NASA and Boeing are one step closer to using the CST-100 Starliner spacecraft as a new vessel to carry astronauts to and from the ISS. However, before any humans can climb aboard the spacecraft, it needs to go through second uncrewed flight, which is scheduled to take place in December 2020.
Boeing has spent a majority of this year getting the spacecraft ready for the upcoming test, which includes making sure the hardware is up to standard, and that all the software used in the spacecraft is up to date. Currently, Boeing is in the final assembly stage of the crew service modules of the CST-100 Starliner that will fly to the space station in the final ‘flight test-2’, according to Slashgear.
Focusing on hardware in Florida, software coding and testing in Houston, and embedding important lessons learned throughout the #Starliner program, we’re now targeting late this year for a flight to the @Space_Station.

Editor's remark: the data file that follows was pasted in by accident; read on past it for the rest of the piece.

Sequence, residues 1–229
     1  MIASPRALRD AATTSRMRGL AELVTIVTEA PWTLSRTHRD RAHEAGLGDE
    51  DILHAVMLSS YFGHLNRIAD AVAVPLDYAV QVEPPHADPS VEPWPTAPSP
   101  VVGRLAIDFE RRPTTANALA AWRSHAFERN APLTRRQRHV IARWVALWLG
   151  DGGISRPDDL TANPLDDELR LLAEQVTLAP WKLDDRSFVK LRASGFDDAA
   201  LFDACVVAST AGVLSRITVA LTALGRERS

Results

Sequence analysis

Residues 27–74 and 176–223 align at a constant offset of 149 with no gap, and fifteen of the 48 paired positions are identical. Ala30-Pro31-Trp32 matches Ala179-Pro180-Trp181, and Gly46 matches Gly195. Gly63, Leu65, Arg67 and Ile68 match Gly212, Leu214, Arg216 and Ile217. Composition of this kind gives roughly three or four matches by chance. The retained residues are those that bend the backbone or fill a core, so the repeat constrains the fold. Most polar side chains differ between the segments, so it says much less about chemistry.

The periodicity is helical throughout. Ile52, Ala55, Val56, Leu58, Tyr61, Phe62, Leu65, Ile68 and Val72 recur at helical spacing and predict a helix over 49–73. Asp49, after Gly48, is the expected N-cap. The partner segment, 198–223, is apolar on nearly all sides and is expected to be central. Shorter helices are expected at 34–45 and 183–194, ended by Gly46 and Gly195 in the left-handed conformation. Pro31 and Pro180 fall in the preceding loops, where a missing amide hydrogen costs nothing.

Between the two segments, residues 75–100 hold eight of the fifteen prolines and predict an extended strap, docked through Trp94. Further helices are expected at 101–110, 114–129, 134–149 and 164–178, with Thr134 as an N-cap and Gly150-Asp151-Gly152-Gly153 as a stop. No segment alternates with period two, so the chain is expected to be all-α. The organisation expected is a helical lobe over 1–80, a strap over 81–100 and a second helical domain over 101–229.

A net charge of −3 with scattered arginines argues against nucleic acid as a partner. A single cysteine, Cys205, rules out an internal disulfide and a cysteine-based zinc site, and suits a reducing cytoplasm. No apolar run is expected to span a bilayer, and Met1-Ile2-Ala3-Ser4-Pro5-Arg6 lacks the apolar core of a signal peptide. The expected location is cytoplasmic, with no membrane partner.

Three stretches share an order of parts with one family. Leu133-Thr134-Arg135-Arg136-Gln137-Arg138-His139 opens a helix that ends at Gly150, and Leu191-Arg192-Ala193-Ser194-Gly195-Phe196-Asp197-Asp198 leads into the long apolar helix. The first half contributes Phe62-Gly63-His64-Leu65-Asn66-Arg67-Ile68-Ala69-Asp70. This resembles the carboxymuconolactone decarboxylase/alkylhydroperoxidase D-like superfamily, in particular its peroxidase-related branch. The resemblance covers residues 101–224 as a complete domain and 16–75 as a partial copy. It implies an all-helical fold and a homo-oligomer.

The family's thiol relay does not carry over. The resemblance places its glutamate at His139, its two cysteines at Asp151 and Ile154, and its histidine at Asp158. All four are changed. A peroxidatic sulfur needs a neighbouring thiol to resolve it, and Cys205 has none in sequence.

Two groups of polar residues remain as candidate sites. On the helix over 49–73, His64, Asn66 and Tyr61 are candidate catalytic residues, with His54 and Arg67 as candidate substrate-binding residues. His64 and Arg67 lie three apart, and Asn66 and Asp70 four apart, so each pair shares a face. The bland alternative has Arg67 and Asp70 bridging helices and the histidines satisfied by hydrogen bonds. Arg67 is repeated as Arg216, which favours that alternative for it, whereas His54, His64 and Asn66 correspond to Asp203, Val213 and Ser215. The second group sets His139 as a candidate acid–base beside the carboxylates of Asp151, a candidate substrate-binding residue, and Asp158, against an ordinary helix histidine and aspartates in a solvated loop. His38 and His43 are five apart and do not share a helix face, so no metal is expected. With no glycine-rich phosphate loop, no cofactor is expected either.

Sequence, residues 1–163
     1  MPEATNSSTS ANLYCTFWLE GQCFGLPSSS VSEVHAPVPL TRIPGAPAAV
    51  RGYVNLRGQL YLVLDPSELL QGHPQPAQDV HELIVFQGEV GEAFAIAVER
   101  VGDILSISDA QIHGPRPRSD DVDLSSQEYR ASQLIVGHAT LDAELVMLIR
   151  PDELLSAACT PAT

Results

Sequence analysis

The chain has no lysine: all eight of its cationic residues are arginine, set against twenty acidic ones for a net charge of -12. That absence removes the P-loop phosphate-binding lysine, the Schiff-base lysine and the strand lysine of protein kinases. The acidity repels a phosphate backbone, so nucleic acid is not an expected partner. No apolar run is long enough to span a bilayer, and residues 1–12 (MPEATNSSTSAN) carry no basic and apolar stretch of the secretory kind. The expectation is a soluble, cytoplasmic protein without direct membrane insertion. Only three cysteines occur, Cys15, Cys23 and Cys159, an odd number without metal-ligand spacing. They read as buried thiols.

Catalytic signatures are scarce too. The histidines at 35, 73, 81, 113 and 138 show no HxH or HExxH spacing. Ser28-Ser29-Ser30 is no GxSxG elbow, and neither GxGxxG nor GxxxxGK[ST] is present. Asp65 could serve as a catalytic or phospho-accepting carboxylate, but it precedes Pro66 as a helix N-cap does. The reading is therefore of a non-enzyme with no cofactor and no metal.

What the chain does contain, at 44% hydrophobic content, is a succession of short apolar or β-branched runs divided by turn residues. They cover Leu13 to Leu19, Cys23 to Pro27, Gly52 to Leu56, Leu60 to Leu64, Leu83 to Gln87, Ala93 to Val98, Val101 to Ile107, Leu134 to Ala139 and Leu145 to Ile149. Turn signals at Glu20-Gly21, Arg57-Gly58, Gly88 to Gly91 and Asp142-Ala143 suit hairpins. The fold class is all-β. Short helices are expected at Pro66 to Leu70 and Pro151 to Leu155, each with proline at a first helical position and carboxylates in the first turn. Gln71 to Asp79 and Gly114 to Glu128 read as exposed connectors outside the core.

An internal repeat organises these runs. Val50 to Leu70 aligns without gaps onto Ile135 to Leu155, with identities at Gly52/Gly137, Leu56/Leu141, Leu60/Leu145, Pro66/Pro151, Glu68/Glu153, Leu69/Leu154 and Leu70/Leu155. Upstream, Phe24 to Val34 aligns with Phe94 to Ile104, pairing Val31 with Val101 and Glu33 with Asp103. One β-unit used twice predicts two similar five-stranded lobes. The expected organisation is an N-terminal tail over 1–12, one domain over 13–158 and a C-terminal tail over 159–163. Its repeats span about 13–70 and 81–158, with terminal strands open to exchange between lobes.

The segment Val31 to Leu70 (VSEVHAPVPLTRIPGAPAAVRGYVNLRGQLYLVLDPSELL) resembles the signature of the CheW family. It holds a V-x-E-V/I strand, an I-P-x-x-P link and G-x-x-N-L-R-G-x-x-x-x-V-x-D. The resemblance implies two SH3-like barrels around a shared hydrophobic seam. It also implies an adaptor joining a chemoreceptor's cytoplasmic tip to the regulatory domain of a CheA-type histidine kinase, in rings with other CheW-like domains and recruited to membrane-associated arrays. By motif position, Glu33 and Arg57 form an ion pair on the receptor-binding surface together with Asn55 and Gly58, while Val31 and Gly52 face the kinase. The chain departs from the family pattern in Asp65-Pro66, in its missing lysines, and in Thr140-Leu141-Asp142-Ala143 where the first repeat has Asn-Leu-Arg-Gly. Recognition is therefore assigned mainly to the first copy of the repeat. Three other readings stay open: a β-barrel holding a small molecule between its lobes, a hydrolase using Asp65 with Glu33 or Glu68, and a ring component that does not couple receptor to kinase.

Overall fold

— Boeing Space (@BoeingSpace) August 28, 2020
The Flight test-2 mission will be conducted to see if a reusable Starliner crew module can make it to the ISS and back without any issues. If this mission is a success, NASA will have another reusable spacecraft to fairy astronauts to and from the ISS, similar to the SpaceX crew Dragon 2.
The CST-100 Starliner spacecraft will be propelled to ISS via the United Lunch Alliance Atlas V rocket.
Image credit: Twitter/@BoeingSpace